Meet the Faculty Ombudsperson

Pam Bruzina

Pam Bruzina, professor of nutrition and exercise physiology, was appointed the first Faculty Ombudsperson in spring 2023. As was previously announced, she officially started the role in July, and the Ombudsperson webpage was launched in August.  

Bruzina applied to the position because of her experience serving on the Grievance Resolution Panel. She observed that faculty members might have issues that didn’t quite fit within the formal grievance process. She saw this new role as a way to help faculty find solutions to their concerns before they grew into larger problems.  

An ad hoc committee, created by Faculty Council, recommended to the Provost that the position be created, listening sessions were held, and an internal search was conducted last year. The search committee also looked at other SEC universities that had similar roles. Some had a university ombudsperson for faculty, staff and students; others had more than one faculty member who served as a part-time ombudsperson.  

What kinds of issues does Bruzina expect faculty to bring to the Ombudsperson? Since she is just starting this semester, it is hard to know what will arise, but a potential example is an issue with the promotion and tenure or post-tenure review process that the faculty member wants to talk to a neutral party about. She is available to meet with all tenure track and non-tenure track faculty.  

“It could be questions of fairness within a department or faculty being treated fairly,” says Bruzina, “But people can come with any concern that they have, no matter how big or how small.” 

The process begins with a faculty member contacting Bruzina either by email at or by phone at (573) 882-4137. Any specific information shouldn’t be discussed in the email except for setting up the initial appointment. She will eventually have a private office in Gentry Hall, but, until it is ready, she can meet anywhere on campus for a confidential appointment. She is the only one in the office keeping track of the appointments and does not keep permanent notes or records about individual cases.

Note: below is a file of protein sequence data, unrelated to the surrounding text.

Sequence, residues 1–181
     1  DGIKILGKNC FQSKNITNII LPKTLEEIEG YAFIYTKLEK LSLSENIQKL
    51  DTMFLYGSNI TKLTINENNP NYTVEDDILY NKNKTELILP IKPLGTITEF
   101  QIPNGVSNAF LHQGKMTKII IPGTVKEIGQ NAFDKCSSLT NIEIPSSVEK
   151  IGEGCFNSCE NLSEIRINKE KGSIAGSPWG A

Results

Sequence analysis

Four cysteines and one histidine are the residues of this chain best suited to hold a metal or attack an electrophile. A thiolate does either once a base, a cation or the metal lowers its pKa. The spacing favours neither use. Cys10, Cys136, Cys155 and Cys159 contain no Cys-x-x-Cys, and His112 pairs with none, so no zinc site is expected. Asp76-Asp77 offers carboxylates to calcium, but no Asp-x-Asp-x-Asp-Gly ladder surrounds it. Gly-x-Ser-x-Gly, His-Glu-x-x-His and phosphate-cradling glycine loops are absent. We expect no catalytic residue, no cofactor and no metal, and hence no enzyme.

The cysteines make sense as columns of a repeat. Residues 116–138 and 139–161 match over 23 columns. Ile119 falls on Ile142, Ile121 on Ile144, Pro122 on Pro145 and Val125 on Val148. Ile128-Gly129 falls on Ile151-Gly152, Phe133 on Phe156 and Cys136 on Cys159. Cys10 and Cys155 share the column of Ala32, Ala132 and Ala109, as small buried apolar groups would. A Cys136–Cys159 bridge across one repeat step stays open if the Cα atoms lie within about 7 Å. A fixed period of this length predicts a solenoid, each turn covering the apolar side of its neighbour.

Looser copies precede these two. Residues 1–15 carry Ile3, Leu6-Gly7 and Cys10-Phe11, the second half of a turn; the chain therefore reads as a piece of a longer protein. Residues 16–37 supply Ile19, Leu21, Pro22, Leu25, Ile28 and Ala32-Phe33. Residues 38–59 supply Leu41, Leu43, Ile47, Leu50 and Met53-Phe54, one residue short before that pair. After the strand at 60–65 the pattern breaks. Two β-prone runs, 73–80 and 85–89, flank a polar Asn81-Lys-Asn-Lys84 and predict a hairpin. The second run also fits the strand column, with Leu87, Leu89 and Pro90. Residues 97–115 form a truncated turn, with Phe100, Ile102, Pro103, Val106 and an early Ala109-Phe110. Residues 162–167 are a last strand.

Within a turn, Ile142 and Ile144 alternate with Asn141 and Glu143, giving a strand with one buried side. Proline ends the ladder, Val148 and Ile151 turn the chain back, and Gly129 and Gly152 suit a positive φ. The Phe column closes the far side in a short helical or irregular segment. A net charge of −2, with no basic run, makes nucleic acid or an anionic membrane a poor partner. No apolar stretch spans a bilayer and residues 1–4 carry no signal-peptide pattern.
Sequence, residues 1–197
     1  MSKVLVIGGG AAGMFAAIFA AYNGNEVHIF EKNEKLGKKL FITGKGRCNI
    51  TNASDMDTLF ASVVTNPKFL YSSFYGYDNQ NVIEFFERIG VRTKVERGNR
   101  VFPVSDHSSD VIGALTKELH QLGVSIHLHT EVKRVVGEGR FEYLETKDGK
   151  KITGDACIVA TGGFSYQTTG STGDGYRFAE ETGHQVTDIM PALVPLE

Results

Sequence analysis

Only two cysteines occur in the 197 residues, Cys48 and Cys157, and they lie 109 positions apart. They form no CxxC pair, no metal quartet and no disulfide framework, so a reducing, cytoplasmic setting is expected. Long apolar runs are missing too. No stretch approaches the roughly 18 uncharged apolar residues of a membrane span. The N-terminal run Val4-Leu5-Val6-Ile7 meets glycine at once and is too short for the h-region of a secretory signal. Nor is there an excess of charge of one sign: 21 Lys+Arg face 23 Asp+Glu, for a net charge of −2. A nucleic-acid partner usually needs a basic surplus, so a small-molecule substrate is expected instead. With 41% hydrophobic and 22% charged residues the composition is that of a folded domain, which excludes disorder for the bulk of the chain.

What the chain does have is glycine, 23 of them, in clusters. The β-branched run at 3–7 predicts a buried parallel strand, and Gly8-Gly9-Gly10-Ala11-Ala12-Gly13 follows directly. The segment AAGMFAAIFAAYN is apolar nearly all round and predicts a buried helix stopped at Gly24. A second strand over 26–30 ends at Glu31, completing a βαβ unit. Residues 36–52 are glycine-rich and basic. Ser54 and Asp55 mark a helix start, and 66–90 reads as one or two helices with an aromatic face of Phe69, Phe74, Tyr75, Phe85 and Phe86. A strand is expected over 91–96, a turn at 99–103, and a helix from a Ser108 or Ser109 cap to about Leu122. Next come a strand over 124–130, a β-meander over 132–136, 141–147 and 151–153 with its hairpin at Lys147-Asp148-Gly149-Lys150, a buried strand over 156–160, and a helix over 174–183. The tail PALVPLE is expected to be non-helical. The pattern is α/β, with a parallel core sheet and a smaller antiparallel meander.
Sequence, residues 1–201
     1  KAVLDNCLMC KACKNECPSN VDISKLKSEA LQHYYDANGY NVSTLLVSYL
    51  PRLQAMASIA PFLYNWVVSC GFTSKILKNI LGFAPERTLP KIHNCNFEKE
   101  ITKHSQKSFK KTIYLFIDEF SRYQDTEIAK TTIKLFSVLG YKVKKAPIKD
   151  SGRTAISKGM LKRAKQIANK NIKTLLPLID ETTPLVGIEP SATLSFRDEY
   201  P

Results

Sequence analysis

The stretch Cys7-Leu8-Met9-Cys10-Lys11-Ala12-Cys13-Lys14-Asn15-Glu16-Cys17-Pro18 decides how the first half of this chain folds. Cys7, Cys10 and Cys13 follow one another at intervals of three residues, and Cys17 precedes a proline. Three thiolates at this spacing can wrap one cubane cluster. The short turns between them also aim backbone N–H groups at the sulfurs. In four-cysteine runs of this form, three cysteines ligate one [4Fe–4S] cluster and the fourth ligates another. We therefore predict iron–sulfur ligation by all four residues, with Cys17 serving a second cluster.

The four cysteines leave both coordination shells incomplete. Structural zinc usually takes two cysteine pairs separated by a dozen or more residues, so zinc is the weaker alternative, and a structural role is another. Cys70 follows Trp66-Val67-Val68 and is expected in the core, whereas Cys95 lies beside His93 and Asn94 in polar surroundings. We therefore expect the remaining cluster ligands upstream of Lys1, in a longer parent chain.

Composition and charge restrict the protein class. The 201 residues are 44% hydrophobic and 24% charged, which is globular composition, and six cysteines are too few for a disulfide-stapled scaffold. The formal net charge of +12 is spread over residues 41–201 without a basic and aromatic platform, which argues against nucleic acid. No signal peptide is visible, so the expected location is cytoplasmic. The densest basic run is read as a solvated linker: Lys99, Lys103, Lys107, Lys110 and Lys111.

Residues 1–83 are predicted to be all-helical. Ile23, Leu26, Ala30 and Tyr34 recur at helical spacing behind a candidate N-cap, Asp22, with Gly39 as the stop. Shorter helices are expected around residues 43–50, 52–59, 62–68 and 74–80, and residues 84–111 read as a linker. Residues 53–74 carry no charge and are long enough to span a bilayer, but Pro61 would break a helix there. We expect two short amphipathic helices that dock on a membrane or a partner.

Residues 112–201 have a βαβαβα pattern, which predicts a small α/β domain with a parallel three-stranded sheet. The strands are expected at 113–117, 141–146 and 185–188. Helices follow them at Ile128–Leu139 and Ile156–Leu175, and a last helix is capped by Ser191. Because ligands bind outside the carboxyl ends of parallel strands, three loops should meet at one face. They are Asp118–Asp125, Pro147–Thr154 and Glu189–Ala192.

After the appointment is set, the resolution process will be tailored to each person’s needs. She will listen and they can brainstorm solutions together. If their issue belongs in a formal process or should be referred to another office, she will provide that information to the faculty member so they can decide whether or not to follow up.  

“First I will be listening, trying to understand what the situation is, what the faculty member sees as a possible resolution, what they’re hopeful might happen, and then working with them to come up with pathways to getting there,” says Bruzina. “It could be that some people feel like the issue has been resolved just because they have been listened to and heard.” 

The only exceptions to disclosing confidential information would be if Bruzina feels like the faculty member is in danger or if the issue should be reported to the Office of Institutional Equity, since the Ombudsperson is a mandated reporter.  

The position is housed within the Office of the Provost for reporting purposes but is considered to be an independent role. One advantage of this, Bruzina points out, is that any systematic issues that arise can be reported to the Provost, so if there are issues within general processes or procedures that are causing problems, they can be identified.  

Bruzina also wants everyone to know her position is impartial.  

“I’m not there to take sides, but really to help find resolution to the issues,” she says. 

Since the Ombudsperson appointment was announced, Bruzina says she has already received appointment requests, which validates the need for the role. Her goal is to respond to individual requests or inquiries within 24 hours so people receive a prompt response. Currently, she is trying to make appointments with faculty as soon as possible, and then there may be additional follow-up steps that are necessary after that point.  

“Provost Ramchand listened to Faculty Council and the ad hoc committee’s recommendation to create an ombuds position and is supporting it with resources,” says Candace Kuby, associate provost for faculty success. “We hope faculty will visit the MU ombuds website to learn more about this faculty support and recommend colleagues reach out to Pam Bruzina, even if an issue seems small.”  

Read more about the Faculty Ombudsperson or email with questions or to make an appointment.